If you want to grow a nest egg for a house down payment but don't plan to buy for several years, you could get a CD for five or six years. It's a long time to have money locked away and inaccessible, but that requirement could help you avoid the temptation of using it elsewhere. You might have greater returns by investing, but CDs have far more security.

There's also a strategy called CD laddering for those seeking greater flexibility. This involves taking out multiple CDs with varying terms to stagger their maturity. This allows you regular access to your funds without sacrificing too much in higher yields.

3. Your Chosen CD's Minimums

CDs require a minimum deposit to open the account, which will grow each month as it accrues interest. Some CDs, especially those with higher APYs, have higher minimums than others.

Evaluate how much you can part with for your chosen term and only choose a CD with a minimum amount your budget can afford. You can usually find reasonable minimums unless you go with a jumbo CD, which might have higher interest rates in exchange for hefty minimum balances, sometimes as much as $75,000 or $100,000.

If money is tight, you could start with a CD with a small minimum balance requirement, like $500, or a short term, such as six months. Both can offer greater flexibility if you might need that money soon or don't have much to set aside. Just know that your interest earnings will be lower.

4. The CD's Federal Insurance Maximums

Since CDs are classified as deposit accounts, like checking or savings accounts, they're insured by the federal government. In the rare case that your bank or credit union goes under, federal insurance coverage kicks in from the Federal Deposit Insurance Corp. (FDIC) for banks or National Credit Union Administration (NCUA) for credit unions.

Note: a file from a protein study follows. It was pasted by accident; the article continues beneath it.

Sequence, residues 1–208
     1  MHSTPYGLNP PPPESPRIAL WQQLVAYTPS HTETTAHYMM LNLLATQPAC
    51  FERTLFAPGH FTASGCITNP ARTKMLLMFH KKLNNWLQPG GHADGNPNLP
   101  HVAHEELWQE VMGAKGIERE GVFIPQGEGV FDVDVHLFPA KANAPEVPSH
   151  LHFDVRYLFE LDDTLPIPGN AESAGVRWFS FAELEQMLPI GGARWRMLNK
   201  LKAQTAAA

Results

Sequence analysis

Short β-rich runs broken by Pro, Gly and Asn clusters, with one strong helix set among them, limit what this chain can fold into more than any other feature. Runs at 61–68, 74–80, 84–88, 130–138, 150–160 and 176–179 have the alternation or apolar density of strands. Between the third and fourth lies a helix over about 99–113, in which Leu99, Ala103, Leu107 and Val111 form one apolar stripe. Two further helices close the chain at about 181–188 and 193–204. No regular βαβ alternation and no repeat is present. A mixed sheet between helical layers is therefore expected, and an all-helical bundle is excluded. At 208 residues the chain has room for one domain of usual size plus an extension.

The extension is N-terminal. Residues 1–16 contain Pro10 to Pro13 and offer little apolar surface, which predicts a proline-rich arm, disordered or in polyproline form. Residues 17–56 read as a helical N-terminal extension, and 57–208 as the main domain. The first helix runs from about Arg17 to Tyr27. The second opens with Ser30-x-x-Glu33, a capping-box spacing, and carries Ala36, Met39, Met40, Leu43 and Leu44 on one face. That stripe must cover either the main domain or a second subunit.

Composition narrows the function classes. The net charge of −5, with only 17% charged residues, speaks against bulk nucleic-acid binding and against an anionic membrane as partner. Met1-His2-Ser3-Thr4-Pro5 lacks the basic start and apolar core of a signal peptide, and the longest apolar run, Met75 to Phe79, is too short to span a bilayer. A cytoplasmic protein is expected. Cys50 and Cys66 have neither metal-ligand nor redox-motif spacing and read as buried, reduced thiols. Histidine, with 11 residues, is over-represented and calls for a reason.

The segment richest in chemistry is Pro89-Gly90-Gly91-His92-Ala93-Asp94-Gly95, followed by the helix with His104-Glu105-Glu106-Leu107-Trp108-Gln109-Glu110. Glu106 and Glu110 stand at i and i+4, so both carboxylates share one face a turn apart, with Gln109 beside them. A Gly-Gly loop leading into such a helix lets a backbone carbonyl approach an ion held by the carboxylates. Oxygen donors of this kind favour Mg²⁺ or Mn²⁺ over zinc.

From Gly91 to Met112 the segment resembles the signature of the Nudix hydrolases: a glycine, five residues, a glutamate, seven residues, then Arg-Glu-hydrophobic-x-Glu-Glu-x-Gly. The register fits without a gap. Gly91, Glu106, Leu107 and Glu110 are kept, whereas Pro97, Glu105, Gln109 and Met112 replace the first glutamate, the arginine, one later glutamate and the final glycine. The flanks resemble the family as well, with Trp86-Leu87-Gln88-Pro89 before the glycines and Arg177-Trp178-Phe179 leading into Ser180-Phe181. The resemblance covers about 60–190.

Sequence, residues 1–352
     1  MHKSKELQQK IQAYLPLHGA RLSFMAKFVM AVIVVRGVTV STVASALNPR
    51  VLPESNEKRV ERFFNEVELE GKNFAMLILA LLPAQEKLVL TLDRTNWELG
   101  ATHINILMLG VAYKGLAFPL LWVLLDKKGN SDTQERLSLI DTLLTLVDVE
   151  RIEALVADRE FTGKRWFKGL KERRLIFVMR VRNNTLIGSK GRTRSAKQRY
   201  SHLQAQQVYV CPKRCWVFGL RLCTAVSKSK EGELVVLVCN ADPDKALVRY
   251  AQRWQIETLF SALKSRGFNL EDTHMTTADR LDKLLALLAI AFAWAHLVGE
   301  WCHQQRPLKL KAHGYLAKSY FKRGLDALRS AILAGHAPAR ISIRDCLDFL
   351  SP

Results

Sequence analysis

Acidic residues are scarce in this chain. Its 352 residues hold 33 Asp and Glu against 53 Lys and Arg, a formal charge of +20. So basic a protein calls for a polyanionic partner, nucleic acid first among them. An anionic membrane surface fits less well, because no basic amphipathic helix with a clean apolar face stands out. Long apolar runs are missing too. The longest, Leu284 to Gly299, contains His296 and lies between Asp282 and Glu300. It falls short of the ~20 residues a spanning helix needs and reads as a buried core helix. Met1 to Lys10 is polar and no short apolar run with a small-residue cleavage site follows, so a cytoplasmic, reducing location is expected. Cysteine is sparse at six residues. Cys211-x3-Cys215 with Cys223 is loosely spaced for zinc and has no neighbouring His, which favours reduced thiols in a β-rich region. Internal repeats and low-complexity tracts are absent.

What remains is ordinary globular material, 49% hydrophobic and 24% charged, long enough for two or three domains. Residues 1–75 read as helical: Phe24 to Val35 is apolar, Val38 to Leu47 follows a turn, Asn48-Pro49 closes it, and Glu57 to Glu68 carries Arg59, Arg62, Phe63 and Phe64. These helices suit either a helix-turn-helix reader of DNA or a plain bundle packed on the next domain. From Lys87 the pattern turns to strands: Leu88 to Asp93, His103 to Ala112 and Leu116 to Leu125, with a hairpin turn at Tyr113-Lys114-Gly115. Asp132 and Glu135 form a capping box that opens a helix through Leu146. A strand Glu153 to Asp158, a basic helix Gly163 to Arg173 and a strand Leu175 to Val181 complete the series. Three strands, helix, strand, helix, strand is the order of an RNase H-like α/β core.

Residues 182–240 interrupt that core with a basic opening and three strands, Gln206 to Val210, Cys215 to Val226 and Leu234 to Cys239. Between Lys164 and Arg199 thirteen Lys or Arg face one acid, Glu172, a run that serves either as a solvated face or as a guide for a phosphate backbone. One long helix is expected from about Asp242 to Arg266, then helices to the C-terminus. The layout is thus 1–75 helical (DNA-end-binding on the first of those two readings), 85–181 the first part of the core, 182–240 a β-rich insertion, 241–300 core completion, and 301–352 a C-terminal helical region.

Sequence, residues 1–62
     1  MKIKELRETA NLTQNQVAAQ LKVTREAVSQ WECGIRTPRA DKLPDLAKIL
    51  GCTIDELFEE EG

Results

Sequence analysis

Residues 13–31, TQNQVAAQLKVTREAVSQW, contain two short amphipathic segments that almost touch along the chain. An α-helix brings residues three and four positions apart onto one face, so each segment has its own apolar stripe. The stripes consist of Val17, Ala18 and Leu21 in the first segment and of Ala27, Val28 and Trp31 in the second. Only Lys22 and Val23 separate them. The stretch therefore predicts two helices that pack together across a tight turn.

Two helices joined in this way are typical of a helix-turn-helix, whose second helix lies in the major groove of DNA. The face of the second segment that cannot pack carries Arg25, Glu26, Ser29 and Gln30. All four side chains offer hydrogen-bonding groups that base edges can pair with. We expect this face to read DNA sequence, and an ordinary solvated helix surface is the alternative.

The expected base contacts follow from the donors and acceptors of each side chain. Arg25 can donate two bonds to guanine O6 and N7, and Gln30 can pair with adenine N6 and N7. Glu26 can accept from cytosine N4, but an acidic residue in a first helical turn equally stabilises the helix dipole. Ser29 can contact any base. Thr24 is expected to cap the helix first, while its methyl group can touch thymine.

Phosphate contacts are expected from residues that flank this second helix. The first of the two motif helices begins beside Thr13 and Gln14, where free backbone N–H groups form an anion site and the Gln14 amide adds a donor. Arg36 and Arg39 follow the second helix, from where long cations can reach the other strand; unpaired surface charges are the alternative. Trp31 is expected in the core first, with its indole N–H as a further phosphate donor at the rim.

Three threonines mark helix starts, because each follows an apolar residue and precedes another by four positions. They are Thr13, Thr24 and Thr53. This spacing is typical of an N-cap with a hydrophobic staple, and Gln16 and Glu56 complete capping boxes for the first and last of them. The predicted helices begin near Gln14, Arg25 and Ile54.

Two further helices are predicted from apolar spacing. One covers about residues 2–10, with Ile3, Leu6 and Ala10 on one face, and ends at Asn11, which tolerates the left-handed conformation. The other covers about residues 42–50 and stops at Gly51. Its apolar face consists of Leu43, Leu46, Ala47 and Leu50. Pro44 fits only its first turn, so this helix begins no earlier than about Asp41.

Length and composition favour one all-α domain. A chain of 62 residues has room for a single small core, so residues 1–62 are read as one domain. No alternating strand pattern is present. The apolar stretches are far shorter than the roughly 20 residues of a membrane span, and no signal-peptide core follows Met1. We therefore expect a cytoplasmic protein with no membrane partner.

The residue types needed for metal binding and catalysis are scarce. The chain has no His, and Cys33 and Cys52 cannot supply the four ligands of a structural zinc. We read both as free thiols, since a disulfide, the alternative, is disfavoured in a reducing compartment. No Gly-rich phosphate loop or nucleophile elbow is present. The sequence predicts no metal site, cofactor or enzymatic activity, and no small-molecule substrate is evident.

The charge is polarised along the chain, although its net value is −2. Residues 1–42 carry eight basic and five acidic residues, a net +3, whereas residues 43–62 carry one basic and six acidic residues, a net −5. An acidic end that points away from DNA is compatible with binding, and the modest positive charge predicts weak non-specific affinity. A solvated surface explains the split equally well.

These ensure you get your money back should your financial institution fail, but with a caveat: FDIC and NCUA insurance has limits.

Both automatically cover $250,000 per customer, per account type, per bank or credit union. Say you have a checking account, savings account and CD in personal accounts with one bank; you would have $250,000 in protection total for all accounts combined. If your total balance at that bank or credit union exceeds that amount, you would only be covered for $250,000 of it.

The exception is accounts in different ownership categories. Joint accounts and individual accounts are considered separate ownership types, so you're insured for another $250,000 on accounts with the same bank or credit union if you own some of them jointly with someone else.

Why does this matter? A major perk of CDs is their reliability in returns and safety. If you open a large CD at a bank or credit union where you already have significant savings and checking balances, you might inadvertently exceed the insured limit. That leaves you vulnerable should the bank fail.

You can avert this risk by opening a CD at a different bank or credit union, or one where you keep less money, since you get up to $250,000 of insurance at each financial institution. Alternatively, increase your coverage by making your CD a joint account with a trusted loved one.

Explore Other Savings Options

CDs can be excellent savings vehicles, especially if you've already saved up money and simply need a place to set it aside and let it grow safely. However, they may not be the best fit for those who don't have much saved yet or want an account they can regularly deposit or withdraw from.

In those cases, consider a high-yield savings account, which doesn't limit deposits and has fewer withdrawal limits. While interest rates on savings accounts may not be quite as high as CDs, yields are better than for traditional savings accounts, and every little bit adds up.